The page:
Writing is one of the key subjects we work on in our Vocational Education classes. We want to prepare our residents to communicate well in their future jobs and personal lives, so creating opportunities for them to express themselves both personally and professionally is a top priority.
They get practice typing journal responses in a Word document and attaching them to an email. They also learn to write a business letter, a narrative story, and a persuasive essay, assignments that have proven handy in real life. A couple of ladies had to write a business letter to recommend another resident in a court decision. Another woman had to persuade a judge to reduce her child support payments while she was in the program.
Some residents write their personal testimonies for their narrative story assignment - you can read one of them below.
-Kim Palmer, Vocational Education Coordinator, Women’s Recovery at Anna Ogden Hall
Hope Starts Here
By Rikki Morgan, Women’s Recovery at Anna Ogden Hall
I woke up freezing, the smell of alcohol in the air and on his breath. I was terrified. I had nowhere to go, no money, no gas, no food. All I had was this parking garage, a drunk, abusive boyfriend, and 19 days of hell in this minivan.
I sat in the front seat of the van, rolling the last of the tobacco for a cigarette in a page of the Bible somebody had given me on the street. I sat staring at a concrete wall in the hospital parking garage. Journey was playing on the radio, and tears were rolling down my face. I sat wondering how the heck I got here, and how low I had sunk in my life. How much more could I take before I drove right off the top of this parking garage?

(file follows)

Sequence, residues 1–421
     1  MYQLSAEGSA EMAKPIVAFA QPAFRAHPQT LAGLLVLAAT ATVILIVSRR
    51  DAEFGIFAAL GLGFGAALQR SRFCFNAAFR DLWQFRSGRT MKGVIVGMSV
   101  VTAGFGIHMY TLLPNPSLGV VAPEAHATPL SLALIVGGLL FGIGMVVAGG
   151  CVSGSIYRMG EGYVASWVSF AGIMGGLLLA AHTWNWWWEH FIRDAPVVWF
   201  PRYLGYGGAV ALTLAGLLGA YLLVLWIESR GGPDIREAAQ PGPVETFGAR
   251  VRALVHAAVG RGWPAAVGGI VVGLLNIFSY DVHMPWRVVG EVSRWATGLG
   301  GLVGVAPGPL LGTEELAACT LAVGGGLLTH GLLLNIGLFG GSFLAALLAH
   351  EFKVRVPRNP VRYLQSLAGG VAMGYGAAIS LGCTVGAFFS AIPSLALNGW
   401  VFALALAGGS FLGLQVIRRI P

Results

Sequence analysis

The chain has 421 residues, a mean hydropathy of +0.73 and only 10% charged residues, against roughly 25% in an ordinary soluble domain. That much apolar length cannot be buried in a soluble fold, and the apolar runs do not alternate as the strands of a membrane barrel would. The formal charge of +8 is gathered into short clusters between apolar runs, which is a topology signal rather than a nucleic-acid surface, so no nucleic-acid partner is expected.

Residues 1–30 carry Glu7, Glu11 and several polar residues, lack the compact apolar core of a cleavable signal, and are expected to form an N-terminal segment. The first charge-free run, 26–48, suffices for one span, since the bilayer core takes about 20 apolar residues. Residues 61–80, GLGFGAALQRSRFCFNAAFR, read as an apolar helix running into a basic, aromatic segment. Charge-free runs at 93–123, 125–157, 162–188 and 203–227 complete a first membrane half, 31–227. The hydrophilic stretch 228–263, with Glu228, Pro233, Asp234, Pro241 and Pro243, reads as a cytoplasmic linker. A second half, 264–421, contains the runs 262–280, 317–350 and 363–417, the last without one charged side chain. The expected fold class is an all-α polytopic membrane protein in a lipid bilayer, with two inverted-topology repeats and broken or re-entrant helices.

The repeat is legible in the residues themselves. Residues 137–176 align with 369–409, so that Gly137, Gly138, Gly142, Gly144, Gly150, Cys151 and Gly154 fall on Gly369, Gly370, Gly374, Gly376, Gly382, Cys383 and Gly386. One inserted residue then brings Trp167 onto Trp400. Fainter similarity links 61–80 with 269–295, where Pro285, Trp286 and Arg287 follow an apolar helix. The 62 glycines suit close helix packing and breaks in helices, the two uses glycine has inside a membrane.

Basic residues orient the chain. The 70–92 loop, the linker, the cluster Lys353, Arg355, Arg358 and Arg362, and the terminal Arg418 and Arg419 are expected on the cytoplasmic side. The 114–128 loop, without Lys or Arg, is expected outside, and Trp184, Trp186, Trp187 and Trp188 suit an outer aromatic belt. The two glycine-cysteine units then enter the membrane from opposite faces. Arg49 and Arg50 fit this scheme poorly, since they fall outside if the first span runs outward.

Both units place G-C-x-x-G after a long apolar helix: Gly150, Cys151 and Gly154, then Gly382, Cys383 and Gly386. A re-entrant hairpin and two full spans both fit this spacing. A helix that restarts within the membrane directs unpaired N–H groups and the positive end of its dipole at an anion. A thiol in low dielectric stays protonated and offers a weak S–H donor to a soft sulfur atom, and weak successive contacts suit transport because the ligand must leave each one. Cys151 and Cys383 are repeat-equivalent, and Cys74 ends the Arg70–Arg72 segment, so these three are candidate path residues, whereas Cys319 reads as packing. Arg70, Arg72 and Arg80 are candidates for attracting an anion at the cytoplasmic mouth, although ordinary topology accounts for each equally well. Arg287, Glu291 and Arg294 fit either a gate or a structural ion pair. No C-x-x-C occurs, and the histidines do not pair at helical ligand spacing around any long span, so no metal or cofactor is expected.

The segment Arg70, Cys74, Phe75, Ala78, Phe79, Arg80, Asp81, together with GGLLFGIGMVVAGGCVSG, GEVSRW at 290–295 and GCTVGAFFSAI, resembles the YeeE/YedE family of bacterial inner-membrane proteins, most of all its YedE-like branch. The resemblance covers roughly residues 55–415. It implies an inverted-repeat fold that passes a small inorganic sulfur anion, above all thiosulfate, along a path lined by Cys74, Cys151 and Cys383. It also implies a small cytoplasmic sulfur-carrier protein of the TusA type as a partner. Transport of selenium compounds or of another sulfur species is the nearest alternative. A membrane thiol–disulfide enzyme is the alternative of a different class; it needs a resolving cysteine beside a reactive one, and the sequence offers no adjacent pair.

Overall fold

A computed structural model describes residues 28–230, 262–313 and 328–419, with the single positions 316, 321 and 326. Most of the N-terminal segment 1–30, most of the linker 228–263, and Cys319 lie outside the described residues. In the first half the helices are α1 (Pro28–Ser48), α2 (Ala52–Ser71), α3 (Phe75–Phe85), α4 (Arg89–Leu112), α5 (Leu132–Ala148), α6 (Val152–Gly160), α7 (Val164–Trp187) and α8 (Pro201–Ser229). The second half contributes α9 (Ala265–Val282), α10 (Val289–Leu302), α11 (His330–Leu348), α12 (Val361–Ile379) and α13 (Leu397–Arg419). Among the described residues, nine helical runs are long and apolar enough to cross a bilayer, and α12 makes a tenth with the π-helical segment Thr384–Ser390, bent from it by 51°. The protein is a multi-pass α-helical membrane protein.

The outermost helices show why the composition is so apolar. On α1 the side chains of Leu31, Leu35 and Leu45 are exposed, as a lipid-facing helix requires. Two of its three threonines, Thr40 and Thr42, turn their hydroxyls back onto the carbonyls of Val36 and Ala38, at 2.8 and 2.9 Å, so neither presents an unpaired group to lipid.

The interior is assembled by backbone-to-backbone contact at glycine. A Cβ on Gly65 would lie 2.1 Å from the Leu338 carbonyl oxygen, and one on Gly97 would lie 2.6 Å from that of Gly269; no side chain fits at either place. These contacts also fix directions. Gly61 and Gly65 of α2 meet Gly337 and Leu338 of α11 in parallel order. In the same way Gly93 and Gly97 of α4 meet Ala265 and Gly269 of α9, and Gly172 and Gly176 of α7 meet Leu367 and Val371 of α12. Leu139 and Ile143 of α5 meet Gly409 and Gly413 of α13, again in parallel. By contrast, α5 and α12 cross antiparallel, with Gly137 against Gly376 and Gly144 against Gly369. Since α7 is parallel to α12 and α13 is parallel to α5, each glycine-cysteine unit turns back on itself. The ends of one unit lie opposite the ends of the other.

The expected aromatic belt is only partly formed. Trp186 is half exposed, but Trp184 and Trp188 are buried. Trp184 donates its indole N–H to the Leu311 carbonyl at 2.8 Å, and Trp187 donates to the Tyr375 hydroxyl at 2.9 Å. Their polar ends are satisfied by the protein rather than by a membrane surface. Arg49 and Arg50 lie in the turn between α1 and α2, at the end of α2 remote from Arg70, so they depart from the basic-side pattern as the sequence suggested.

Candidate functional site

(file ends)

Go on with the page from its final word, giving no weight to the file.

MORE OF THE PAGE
I knew something had to change or I would die, either from this abusive man or by my own hands.
That was the day I knew I needed help, and more help than any one human being could give me. I needed God. I needed a miracle.
I scrounged up $3.80 and put it in the gas tank. I knew I had to make that $3.80 get me to the Crisis Shelter. I told my drunk, abusive Mr. Right that our relationship was over, and I left him staring after me as I pulled into the UGM parking lot.
On the sign in front of the building it read, “Hope Starts Here.” I remember thinking: Hope is all I have left. I left my old life, my old people, and my addictions the day I walked through that door. I knew things were about to get real.
As I described my heart-wrenching tale to the lady inside, my heartbeat began to slow down, and I felt safe for the first time in three years. I knew I was now surrounded by women who understood me. They were my equals. I no longer had to fight my abuser. I no longer had to fight the casino monster. I no longer had to fight to stay warm and safe. I just had to begin the fight to live again.
As days went by, I felt the healing begin. I felt a new power - the power of prayer, kindness, and love. I spent 90 days at the UGM Crisis Shelter, surrounded by broken women just like me who gave each other strength and hope every day. At the shelter, I learned of Anna Ogden Hall. I knew that was the place for me. I could repair my relationship with God and my beautiful children.
Here I am, 180 days since I walked through that door, now beginning a new journey at 43 years old. My new journey finds me with hope for the future because I am walking every day with God. It’s still an uphill battle every day, but as long as I am following God, I know I am moving in the right direction. I will always remember the tremendous fight and that little sign that changed my life… “Hope Starts Here.”
You can help someone like Rikki find hope and a way out of homelessness. Click below to give a woman a safe night at the Crisis Shelter.